It would be no exaggeration to say that the Manic Street Preachers changed my life. From galvanising my leftie views to encouraging me to seek out art and literature, they came crashing into my world when I was a hormonal teen and they still have permanent residence in my affections now that I’m a hormonal adult.
As a result, when I heard that Marc Burrows was releasing a book, charting the band’s career – with fourteen writers producing essays on each of the Manics’ albums – I was very much in.
Whilst books about the Manics are not an entirely new phenomenon, this one manages to tread old ground in a new, intriguing way. It features a timeline between the band’s albums, tracking what the Manics were doing in the run up to – and following – each release. For someone like me, this is utterly fascinating; I may like to tell myself that I have an almost encyclopaedic knowledge of my favourite band, but reading about their career in this format brings everything into even sharper focus and I find myself poring over every detail.
We all know the story by now – four friends, bonded by a fierce intellect, a mutual love of music and pop culture and a desperate sense of claustrophobia in their small hometown in South Wales – formed a band and took on a post-punk glam aesthetic that made them stand out like sore thumbs against a backdrop of early 90’s grunge. That fascinating combination of political fury, perfectly applied eyeliner, shirts spray-painted with slogans designed to speak to a similarly disenfranchised youth, plus the kind of guitar riffs that would make Slash weep, resulted in a cult following and – far from the “sell 16 million copies of our debut album and split up in a blaze of glory” hype – an illustriously long and celebrated music career. But the timeline between the release of each album, slotted neatly before and after beautifully written, often poignant essays by fans of the band, tells that story in a way that feels somehow more tangible and, at notable points in the Manics’ history, incredibly raw.
The essays that punctuate the release of each album throughout the book are a glorious snapshot of what the Manics mean to their fans, as well as provocative pieces that bring each record to life in such a visceral manner that you can almost hear the songs playing as you read. Every single one is written with such passion and enthusiasm that by the end of each essay, not only did I want to luxuriate in whichever album I’d just been reading about – yes, including the ones I’d have lower down in my personal ranking – but I was filled with a deep desire to buy each writer a drink and sit with them, swapping gig anecdotes and chatting long into the night about this band that unites us, even when they manage to divide opinion. In fact, I frequently found myself nodding frantically or chuckling softly as I read sentence after sentence that resonated perfectly with my own experiences of being a fan. Call it tribalism if you will, but we are woven together by such delicate threads – having felt like an outsider as a teen, perhaps, or having had our feelings of anxiety and depression so eloquently expressed through lyrics – that reading some of the stories presented in the book could easily equate to reading an old diary entry. “These,” I thought on several occasions as I made my way through the essays, “are my people.”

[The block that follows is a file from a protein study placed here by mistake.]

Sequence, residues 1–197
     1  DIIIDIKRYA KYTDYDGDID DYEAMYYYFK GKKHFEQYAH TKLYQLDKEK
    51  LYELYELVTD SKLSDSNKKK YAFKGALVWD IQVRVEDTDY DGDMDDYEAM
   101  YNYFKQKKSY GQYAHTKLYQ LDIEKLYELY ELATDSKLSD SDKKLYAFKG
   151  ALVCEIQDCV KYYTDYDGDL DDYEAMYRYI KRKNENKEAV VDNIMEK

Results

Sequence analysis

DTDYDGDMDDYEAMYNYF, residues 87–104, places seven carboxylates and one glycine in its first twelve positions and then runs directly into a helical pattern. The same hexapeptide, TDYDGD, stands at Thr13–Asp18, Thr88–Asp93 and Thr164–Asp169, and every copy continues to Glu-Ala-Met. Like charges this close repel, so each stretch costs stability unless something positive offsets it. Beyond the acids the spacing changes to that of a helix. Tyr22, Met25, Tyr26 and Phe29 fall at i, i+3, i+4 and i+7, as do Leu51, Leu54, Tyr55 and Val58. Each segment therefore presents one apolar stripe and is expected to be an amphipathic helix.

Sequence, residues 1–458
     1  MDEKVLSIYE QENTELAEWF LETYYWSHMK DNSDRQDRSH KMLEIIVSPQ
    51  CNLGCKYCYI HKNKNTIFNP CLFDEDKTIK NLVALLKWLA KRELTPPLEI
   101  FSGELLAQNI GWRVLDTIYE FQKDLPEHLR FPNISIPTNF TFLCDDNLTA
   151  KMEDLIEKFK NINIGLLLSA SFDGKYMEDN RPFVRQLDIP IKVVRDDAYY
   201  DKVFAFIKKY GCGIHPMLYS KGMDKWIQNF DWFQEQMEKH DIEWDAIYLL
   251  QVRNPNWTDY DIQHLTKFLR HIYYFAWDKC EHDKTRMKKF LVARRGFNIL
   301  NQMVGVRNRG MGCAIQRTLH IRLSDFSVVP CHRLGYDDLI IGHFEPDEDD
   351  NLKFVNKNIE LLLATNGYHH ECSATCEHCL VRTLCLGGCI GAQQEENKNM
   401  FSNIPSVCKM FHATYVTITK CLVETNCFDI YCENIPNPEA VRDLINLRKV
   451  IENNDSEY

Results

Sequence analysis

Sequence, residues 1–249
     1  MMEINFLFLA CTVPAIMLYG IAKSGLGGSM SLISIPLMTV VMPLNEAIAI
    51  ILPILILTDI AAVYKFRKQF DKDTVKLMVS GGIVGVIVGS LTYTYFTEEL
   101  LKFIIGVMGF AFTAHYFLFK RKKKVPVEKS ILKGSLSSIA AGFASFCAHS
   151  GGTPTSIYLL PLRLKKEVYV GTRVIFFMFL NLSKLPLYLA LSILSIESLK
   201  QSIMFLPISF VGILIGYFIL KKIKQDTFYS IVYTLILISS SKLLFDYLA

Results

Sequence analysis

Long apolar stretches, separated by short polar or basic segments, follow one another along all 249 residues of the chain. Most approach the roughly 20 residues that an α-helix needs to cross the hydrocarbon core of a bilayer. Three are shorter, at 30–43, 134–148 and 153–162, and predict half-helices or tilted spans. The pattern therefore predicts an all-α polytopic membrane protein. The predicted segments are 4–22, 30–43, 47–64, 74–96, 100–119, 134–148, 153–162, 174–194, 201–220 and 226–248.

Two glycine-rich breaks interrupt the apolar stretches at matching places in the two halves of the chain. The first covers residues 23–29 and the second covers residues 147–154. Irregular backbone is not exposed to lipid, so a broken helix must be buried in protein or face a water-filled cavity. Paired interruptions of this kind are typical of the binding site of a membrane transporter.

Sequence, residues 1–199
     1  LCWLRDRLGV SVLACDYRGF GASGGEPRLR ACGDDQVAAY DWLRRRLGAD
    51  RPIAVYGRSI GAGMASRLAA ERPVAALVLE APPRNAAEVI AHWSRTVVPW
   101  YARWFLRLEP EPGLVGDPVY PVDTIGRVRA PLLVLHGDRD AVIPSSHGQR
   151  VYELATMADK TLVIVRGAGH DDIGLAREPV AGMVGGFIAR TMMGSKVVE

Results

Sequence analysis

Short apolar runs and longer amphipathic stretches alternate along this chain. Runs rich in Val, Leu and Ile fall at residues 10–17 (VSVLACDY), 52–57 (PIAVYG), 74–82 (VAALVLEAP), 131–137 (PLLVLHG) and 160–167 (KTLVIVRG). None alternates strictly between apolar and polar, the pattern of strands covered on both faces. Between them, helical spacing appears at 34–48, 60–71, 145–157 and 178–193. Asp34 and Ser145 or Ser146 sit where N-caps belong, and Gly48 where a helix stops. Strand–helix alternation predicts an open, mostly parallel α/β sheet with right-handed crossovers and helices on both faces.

Anything written about the Manics is usually done so with several heaped spoonfuls of melodrama. Theirs is a story of genuine triumph in the wake of tragedy and it’s easy to fall into the usual heartstring-tugging tropes as a result. What is wonderful about this book is that by using a timeline of events – literally a day-by-day account of where the band were in the world and what they were doing – we are simply presented with the facts. There is no need for flowery prose. The actual truth of what the band went through in the loss of co-lyricist and mouth-piece Richey Edwards is laid bare in all its starkness and is actually all the more powerful for it. The emotional language comes from the essays breaking up the timeline, when opinions step into the spotlight alongside the facts and deeply personal anecdotes are shared. This very plain split between “this is precisely what happened” and “here’s how I feel about it as a fan” makes this book in many ways all the more moving than others on the subject.
The Manics are a band who’ve dipped their toes into various musical styles and whose career can be easily split into neat “stages.” Similarly, the essays within the book run the gamut from fond recollections of youth, to searingly honest descriptions of individual traumas. As is so often the case with anything to do with this particular band, you come away from reading the book with a heightened awareness of the importance of the Manic Street Preachers, not only as a cultural, musical touchstone, but as a powerful symbol to anyone who has ever felt alienated or despairing. That the band released some of their most anthemic, dare I say joyous-sounding songs after the darkest period in their professional and personal lives is testament to their brilliance. Anyone who says the Manics are “only for depressed people” have never known the thrill of singing yourself hoarse to A Design For Life whilst the confetti cannons go off all around you.
The Manics always described themselves as a band that liked to contradict themselves and history certainly shows that to be true in the most wonderful way. In a sense, this book and its journey through the band’s career, punctuated with fascinating stories and what can only be called love letters to each individual album, highlights their uncanny ability to adapt and change, whilst remaining stubbornly the same at heart. It’s one of the reasons we love them. And it’s one of the many reasons you should read this book.